02 February 2006

Beware of foreign property deals

A series of promotions and advertisements are offering the dream of a holiday home in France at a fraction of the usual cost. But beware, because as with most things that sound too good to be true, there are drawbacks.

Clever juggling with the figures using a leasing scheme set up by the French government and a low interest-rate mortgage in euros makes it sound as if you could have a holiday home without hassle or the cost.

The scheme suggests that you put down a deposit of 20%-30% of the price of a property yet to be built and promise to lease it back to a management company which guarantees the rental return. Under the leaseback scheme, launched 20 years ago to boost tourism and investment, you escape the 19.6% VAT levied on new properties.

You might be promised 4% to 6% of the purchase price each year in rent (this is known as the yield) while paying from 3% for your French lender's mortgage.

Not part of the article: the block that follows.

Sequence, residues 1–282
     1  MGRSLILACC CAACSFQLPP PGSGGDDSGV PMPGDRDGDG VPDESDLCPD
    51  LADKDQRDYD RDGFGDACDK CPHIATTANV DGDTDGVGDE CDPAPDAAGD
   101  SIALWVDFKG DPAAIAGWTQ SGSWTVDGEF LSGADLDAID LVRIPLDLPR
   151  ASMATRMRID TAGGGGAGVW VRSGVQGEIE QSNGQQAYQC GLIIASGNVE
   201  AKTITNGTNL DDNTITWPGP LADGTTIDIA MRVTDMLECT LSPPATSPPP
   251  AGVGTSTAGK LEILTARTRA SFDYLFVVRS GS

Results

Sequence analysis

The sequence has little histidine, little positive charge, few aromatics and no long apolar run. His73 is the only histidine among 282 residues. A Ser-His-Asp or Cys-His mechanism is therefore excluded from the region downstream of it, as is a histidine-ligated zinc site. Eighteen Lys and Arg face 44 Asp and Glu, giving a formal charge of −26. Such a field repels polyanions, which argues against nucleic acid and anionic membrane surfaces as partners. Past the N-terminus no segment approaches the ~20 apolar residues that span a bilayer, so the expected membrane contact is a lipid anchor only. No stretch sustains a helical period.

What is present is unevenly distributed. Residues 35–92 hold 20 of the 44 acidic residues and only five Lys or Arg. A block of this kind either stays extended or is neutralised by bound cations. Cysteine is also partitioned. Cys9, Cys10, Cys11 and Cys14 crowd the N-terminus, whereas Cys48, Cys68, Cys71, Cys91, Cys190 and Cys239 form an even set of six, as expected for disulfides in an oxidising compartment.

So what are the drawbacks? Firstly, if you want to use your holiday home for a couple of weeks a year, the yield usually drops by at least 1%. But the biggest catch is the rental guarantee: it's only as good as the company offering it. If there's too much competition for holiday lets in the area, rents will fall or the company could go bust.

If the company is successful it can automatically renew the leaseback rental agreement at the end of the original term.

Full article.

1 comment:

  1. Are you aware of any UK holiday let leaseback schemes. I take the point about the value of a rental guarantee being only as good as the company, but nevertheless it does seem more hasslefree than managing it yourself

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